Uncertainty and Bayesian probability

bayesian_processThis post is to address the relation between the uncertainty on the state of a system with the information we have of it. Said in those terms is kind of obvious, the more information the less uncertainty. More information can take the form of knowing some other aspect of the system or being more precise information on previously acknowledge aspects.

In mathematics the way to deal with this kind of problem is probability and the way probabilities change when additional data is taken into account is the law of Bayes, hence Bayesian probabilities.

To illustrate how this works I’m going to go through an example. Lets imagine we have a tank of worm water, like a bath tub, and we want to know what temperature the water in the tank has. We could stick a thermometer in the tank and measure its temperature, assuming the temperature of the water in the tank is well mixed then that would yield the temperature of the tank with the uncertainty characteristic of our measuring device.

Fig. (1) The uncertainty distribution of a simple measurement of the water in the tank

If we are using a mercury thermometer the uncertainty would be around \pm0.2\textrm{ }\textdegree\textrm{C}. Measuring devices’ uncertainties are usually assumed to be normally distributed unless specific evidence is available. Usually the uncertainty level used is 95% or 2\sigma (two standard deviations). Meaning that when I say that the water in the tank is at 36.9\pm0.2\textrm{ }\textdegree\textrm{C}, it means I’m 95% certain that the temperature is between 36.7 and 37.1. The probability distribution of Fig. (1) shows the exact meaning, we are more confident the closer we get to the mean value.

To see how our knowledge of the system varies when further information is taken into account we are going to consider that this tank is not alone in the universe but it interacts with it.

Lets make the tank be in thermal equilibrium by adding a hot water inlet and a outlet, configured in such a way that the level of water is constant. Lets assume the tank is well insulated on all of its lateral walls and floor but open to the room temperature air on its top surface. For this system to be in equilibrium the mass flows of the inlet and outlet must coincide and the incoming heat through the inlet must be equal to the heat losses to the ambient.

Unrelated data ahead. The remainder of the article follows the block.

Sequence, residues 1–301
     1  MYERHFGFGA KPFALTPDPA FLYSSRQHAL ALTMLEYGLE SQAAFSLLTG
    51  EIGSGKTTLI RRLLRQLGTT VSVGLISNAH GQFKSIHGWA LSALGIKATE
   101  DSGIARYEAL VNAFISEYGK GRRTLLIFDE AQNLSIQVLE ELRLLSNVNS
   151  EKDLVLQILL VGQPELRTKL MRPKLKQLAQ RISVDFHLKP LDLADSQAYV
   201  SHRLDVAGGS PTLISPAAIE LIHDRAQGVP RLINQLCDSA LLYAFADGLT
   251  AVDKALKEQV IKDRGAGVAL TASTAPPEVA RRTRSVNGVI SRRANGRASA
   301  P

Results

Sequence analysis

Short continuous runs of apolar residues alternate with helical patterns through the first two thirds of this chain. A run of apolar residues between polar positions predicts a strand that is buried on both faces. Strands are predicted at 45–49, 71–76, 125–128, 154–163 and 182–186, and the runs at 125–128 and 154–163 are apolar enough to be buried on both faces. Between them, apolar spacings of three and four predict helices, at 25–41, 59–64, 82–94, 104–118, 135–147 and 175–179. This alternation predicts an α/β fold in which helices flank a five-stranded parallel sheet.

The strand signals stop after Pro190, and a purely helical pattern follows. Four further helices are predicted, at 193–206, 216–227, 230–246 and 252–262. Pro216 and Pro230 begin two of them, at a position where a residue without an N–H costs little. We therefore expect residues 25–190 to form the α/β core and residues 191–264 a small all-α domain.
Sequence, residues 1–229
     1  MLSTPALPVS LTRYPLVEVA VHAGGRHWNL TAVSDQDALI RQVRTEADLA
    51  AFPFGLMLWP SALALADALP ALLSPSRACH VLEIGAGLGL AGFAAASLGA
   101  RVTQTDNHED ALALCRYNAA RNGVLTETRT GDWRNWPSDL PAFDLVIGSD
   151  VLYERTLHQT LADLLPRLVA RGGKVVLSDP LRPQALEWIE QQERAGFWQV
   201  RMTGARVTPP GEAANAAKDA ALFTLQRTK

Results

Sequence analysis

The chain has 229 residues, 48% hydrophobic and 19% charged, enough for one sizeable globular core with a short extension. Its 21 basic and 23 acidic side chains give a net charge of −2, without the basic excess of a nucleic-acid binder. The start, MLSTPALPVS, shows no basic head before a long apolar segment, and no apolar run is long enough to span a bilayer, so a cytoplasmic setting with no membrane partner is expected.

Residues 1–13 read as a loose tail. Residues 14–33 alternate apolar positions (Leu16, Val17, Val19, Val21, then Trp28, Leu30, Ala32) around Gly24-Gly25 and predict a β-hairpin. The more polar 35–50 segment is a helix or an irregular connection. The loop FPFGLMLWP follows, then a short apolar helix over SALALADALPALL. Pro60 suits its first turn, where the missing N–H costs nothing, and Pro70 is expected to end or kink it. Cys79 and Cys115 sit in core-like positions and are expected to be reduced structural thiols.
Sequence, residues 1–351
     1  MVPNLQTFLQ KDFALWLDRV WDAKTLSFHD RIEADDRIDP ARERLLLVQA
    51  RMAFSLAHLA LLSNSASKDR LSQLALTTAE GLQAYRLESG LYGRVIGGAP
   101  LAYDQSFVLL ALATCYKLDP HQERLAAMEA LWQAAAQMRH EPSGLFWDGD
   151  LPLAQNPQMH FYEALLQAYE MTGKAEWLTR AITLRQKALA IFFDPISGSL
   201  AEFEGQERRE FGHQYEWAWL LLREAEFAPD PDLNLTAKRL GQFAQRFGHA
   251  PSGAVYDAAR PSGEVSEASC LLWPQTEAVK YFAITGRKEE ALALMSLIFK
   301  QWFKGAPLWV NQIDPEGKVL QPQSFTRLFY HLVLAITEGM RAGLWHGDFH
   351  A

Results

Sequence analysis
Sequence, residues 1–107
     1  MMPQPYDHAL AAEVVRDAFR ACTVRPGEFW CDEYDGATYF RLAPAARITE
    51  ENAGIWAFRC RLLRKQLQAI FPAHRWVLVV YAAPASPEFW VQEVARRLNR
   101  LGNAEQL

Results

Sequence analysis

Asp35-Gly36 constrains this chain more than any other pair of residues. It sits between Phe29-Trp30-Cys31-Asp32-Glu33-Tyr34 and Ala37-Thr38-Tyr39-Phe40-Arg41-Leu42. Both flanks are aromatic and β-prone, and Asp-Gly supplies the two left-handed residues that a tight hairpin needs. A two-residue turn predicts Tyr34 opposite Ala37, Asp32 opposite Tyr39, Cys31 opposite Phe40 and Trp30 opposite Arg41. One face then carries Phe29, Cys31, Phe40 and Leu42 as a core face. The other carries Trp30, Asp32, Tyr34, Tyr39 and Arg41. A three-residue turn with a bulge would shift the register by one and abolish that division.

This system is easily described with a simple equation relating the variables in play:

mc_p(T_{in}-T)=Ah(T-T_{amb})                                   (1)


  • m is the mass flow.
  • c_p is the specific heat of the water, which we are going to take as a constant known with absolute certainty to be c_p=4.187\quad\frac{\textrm{kJ}}{\textrm{kg}\textdegree\textrm{C}}   .
  • T_{in} is the temperature of the water comming into the tank.
  • T is the temperature of the tank.
  • A is the area of the surface water of the tank, which we also will assume is a perfectly known quantity T_{in}=0.64\quad\textrm{m}^2
  • h is the convection film coeficient, which we’ll assume is h=10 \quad\frac{\textrm{W}}{\textrm{m}^2\textdegree\textrm{C}}.
  • T_{amb} is the ambient temperature of the air in contact with the water surface.

Lets assume we are measuring the inlet temperature, the ambient temperature and the mass flow, as follows:

  1. T_{in}= 58 \pm 0.2\quad \textdegree\textrm{C}.
  2. T_{amb}= 17 \pm 0.2\quad \textdegree\textrm{C}
  3. m= 0.0015 \pm 3.7E-5\quad \frac{\textrm{kg}}{\textrm{s}}

Having these measurements gives us a pretty good idea of the temperature of the tank even before explicitly measuring it. Fig. (2) shows this probability, it turns out we already know the temperature of the tank is 37.257 \pm 0.52\textrm{ }\textdegree\textrm{C}. It is less precise that the direct measurement but the monitoring of the interactions with the outside does provide an estimate of the temperature of the system.

Fig. (2) Prior probability of the state of the tank, before measuring it explicitly.

Now lets consider what happens when we measure the temperature and the measurement device shows like before 36.9\pm0.2\textrm{ }\textdegree\textrm{C}. Since our prior knowledge of the state of the system is different, in the previous case we didn’t know anything of the system before hand, now we believe the temperature is 37.257 \pm 0.52\textrm{ }\textdegree\textrm{C}. How this influences the ultimate state of our knowledge, after the measurement?

Bayes’ theorem provides the method that allows us to to update beliefs when new evidence arrives (more on that on wikipedia). Applying the theorem to the example at hand we find that the prior beliefs modify the end result bringing the mean a little towards the mean of our prior beliefs and reduces a little the uncertainty of the measurement. Figure (3) shows how our prior probabilities (blue) bring the measurement (green) slightly towards the right to, transforming our prior believes (blue) to to our later, more precise, believes (red). The final state of knowledge of the system is 36.946 \pm 0.187\textrm{ }\textdegree\textrm{C}, the uncertainty has gone down from 0.2 to 0.187 because of our prior knowledge, moving the mean from 36.9 to 36.946.

Fig. (3) The Bayesian process. Our prior believes (blue) influence our final state of knowledge (red) after measuring the system (green). It doesn’t only modify the most likely value but also reduces the uncertainty of the measurement.

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